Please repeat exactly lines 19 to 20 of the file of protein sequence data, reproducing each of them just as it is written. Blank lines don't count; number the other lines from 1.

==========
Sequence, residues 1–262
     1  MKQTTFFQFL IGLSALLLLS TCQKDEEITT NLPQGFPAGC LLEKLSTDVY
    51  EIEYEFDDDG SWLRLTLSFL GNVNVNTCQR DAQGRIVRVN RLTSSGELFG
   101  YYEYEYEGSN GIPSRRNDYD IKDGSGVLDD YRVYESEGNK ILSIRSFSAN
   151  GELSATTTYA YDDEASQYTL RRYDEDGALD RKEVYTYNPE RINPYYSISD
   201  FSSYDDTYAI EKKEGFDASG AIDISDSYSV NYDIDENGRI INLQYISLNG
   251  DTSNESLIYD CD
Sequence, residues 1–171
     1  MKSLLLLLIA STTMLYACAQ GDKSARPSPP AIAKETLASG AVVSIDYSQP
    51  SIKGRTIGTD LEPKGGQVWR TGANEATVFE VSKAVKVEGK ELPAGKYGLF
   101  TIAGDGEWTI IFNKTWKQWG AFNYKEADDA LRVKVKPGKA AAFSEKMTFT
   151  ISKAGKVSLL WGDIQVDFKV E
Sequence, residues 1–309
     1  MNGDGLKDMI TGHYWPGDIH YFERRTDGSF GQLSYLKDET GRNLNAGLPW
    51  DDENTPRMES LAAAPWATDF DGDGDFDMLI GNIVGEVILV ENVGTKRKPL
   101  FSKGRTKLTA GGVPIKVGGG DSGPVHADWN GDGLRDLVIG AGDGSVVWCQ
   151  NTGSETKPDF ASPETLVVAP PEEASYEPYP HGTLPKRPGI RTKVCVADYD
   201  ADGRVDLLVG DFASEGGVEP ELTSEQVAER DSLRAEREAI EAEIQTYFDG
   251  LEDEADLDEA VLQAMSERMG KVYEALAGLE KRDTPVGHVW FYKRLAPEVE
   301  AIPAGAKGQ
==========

   251  LEDEADLDEA VLQAMSERMG KVYEALAGLE KRDTPVGHVW FYKRLAPEVE
   301  AIPAGAKGQ